Diflubenzuron was registered for use on rangeland grasshoppers in 2001 and soon became the preferred pesticide by USDA-APHIS for grasshopper control programs [30]. The commercial Dimilin® 2 L formulation of diflubenzuron is compatible with ultra-low volume (ULV) applications, which is the most efficient spray pesticide against grasshoppers [30]. An amount of 0.1 kg of the Dimilin® 2 L (7.2 mg of active ingredient) per hectare is the most commonly used rate. The regular Dimilin 2 L application formula includes a minimum of 0.6 L of water and 0.3 L of crop or vegetable oil adjuvant per treated hectare. This makes it ULV-compatible with small volume, single-engine spray planes. Rates as low as 0.05 L of Dimilin® 2 L (0.0054 kg of active ingredient) per hectare have been used successfully with the RAATs strategy [25]. As mentioned, in 2010, a large-scale Dimilin-RAATs grasshopper control program was successfully applied to almost 2.4 hectares of Wyoming rangelands [25].

3.2. Biological Control

The biological control of pests is an attractive alternative to chemical pesticides. Biological control is defined as a process of using organisms or microorganisms such as parasites, predators, or pathogens to suppress high pest population densities below the EIL [31]. The microbial biocontrol agents (MBCAs) such as pathogens, together with grasshopper parasitoids and predators, are numerous, and at times play an integral role in limiting grasshopper populations to low densities with little hazardous effects on humans and their environments. Throughout the world, some MBCAs are used with great advantage and success on insect pests [31]. A variety of approaches can be utilized when implementing biological control, such as conservation biocontrol, augmentation biocontrol, and classical biocontrol [32].
Conservation biological control is best done by managing the natural or agricultural ecosystem in a way that favors or at least preserves naturally occurring biological control organisms of the major pest species. For example, by not using herbicides on flowering, non-crop plants, pest managers allow the plants to provide a nectar source for syrphid fly (Diptera: Syrphidae) adults, the larvae of which are voracious predators of aphids [33].
In augmentation biological control, the biocontrol agents are collected where they are abundant or are reared artificially and then released on the pest. This can be divided into two approaches: inoculative and inundative [32]. An inoculative release relies on the agent to persist, naturally reproducing and distributing itself throughout the habitat of the pest to eventually reduce the pest’s population below the economic threshold. An inundative release is when a substantial number of the biocontrol agent is released to suppress the pest insect population in a short period of time, causing a nearly instantaneous reduction of the pest infestation [32].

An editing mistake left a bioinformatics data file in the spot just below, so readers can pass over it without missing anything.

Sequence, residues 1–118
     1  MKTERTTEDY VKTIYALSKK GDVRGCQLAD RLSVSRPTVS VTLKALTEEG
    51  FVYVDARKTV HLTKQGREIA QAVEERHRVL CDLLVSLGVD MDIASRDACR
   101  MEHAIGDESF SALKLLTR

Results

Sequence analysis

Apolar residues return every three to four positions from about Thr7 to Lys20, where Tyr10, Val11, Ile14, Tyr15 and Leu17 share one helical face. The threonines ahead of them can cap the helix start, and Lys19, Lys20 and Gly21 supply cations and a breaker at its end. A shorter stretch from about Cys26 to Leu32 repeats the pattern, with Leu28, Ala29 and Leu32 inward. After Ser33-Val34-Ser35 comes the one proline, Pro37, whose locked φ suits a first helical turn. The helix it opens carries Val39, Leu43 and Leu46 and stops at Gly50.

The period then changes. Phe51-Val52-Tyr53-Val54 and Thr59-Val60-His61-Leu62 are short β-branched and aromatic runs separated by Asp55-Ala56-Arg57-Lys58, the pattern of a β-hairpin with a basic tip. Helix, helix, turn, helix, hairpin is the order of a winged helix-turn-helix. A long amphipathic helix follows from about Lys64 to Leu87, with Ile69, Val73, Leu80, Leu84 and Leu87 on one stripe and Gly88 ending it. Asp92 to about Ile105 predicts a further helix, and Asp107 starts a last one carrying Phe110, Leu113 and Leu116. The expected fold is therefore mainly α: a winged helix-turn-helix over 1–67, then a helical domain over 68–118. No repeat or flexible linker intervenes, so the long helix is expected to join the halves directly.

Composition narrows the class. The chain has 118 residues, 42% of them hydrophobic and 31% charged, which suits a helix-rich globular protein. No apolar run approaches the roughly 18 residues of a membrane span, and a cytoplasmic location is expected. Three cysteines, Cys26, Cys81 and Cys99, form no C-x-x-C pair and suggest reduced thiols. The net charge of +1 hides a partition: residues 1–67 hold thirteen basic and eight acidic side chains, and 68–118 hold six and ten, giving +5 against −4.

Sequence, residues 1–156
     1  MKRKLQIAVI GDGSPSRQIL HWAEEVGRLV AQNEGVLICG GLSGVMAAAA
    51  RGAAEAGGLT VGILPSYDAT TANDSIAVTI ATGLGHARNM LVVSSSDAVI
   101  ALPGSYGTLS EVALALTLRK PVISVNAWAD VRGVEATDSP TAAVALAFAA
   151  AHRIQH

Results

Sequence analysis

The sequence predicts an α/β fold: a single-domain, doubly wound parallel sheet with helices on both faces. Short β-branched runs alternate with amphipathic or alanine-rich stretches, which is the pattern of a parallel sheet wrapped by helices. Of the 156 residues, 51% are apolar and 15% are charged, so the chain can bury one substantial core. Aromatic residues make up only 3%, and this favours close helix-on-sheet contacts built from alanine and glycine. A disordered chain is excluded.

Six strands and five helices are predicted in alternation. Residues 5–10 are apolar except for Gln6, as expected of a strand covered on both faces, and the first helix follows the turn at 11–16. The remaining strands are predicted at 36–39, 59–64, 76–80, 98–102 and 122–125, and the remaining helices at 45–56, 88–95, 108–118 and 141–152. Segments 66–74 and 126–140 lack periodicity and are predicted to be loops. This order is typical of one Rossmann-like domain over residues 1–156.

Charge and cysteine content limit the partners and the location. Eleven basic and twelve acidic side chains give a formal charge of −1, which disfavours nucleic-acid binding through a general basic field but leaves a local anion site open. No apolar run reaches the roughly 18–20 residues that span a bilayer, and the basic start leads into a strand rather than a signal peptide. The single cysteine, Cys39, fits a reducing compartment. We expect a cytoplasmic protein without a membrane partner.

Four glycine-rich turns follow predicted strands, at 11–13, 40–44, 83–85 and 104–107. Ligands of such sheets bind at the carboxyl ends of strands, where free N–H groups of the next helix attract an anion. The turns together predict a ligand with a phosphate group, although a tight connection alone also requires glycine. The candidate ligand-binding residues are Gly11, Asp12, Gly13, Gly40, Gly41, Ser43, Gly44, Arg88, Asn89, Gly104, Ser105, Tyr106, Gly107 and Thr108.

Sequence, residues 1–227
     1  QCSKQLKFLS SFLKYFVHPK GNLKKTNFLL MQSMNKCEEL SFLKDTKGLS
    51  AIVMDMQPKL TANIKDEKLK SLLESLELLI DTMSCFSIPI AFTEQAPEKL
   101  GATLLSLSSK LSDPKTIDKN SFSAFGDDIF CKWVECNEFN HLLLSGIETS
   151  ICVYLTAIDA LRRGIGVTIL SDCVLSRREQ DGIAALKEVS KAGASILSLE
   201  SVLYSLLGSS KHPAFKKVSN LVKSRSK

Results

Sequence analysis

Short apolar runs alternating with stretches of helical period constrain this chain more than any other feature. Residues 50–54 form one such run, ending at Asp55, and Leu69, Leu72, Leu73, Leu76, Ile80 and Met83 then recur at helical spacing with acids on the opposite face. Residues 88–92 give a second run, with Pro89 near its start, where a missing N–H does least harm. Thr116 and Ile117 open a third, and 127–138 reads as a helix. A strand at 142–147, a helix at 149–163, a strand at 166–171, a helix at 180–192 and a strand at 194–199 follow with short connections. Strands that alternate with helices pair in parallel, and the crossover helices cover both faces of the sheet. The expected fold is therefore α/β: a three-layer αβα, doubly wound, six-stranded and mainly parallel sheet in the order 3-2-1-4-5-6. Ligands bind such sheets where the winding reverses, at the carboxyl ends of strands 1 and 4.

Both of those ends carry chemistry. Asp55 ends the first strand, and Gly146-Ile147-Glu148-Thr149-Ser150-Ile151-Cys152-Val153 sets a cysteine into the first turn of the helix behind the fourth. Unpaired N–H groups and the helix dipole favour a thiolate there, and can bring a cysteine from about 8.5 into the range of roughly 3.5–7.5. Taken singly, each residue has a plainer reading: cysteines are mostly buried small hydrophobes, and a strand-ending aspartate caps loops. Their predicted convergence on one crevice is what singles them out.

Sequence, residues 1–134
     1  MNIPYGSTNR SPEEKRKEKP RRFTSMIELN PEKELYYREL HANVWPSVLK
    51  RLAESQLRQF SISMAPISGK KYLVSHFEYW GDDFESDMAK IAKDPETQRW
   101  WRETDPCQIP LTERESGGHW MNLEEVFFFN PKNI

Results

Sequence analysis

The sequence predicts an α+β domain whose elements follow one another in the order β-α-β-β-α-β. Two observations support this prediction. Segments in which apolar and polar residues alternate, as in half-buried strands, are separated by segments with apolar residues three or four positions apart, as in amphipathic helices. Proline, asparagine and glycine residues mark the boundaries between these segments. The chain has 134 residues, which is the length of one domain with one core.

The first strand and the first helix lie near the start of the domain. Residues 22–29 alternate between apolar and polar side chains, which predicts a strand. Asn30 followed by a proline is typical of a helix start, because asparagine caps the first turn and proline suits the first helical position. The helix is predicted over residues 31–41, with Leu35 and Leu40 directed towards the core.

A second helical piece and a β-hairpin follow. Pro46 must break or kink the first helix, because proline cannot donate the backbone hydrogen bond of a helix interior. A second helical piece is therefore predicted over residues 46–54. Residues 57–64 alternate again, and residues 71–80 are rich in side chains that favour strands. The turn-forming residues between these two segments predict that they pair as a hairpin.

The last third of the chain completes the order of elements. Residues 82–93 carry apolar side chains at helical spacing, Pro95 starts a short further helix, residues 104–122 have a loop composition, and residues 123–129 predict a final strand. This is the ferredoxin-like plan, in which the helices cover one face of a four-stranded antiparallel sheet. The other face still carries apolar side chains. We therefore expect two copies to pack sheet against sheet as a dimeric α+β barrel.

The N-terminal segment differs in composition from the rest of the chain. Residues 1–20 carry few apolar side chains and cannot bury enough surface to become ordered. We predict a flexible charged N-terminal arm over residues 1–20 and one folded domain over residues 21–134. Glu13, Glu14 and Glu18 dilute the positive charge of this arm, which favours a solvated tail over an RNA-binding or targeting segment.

Classical biological control refers to the suppression of an exotic insect pest infestation by introducing its natural enemies from the pest’s geographic origin [32]. The use of a parasitoid, such as the hymenopteran egg parasitoid Scelio spp., is one of the successful classical biological controls of grasshoppers [34]. For instance, when a Scelio spp. from Malaysia was introduced to Hawaii, it led to a reduction of grasshoppers to levels below the EIL [35]. A concern about using a foreign parasitoid to control US grasshoppers prevented the granting of permission to import Scelio spp. for grasshopper control [34]. However, there are examples of using exotic biocontrol agents against US grasshoppers. The fungal pathogen Entomophaga grylli Pathotype 3 (E. praxibuli) was imported from Australia and released in the western US as a potential grasshopper biological control agent. E. praxibuli infects melanopline and oedipodine grasshoppers. The agent may be of limited value because it later disappeared from its release sites [36]. Augmentation biological control that uses arthropod predators and parasitoids of grasshoppers is not a practical alternative due to the difficulties of rearing large numbers of arthropods in captivity, as well as the difficulties of releasing them onto immense areas of grasshopper outbreaks. The use of MBCAs (native or exotic but long established in North America) may be a useful approach and a viable alternative to the chemical pesticides currently available to control rangeland grasshoppers. Such MBCAs include viruses, bacteria, nematodes and fungi.

3.2.1. Viruses

Viruses are one of the most actively investigated groups of insect pathogens [37]. Only three groups of viruses have been isolated from grasshoppers. Both entomopoxvirus (EPV) and crystalline array virus have been extracted from Melanoplus species in the US by Henry and Jutila [37]. The third virus is cytoplasmic polyhedrosis virus (CPV), first isolated from the grasshopper Caledia captiva in Australia [37]. Since the original detection in Melanoplus sanguinipes, EPVs have been identified from nine grasshopper species throughout the world. They are efficacious against grasshoppers and crickets as biological control agents [37]. All of these entomopathogenic viruses must be ingested by the susceptible host. In the insect gut, the inclusion bodies dissolve, liberating the virion that infects the gut epithelial cells and then replicates in those cells’ nuclei. The infection can be expanded into host hemocoel, resulting in host death in 5–7 days [38].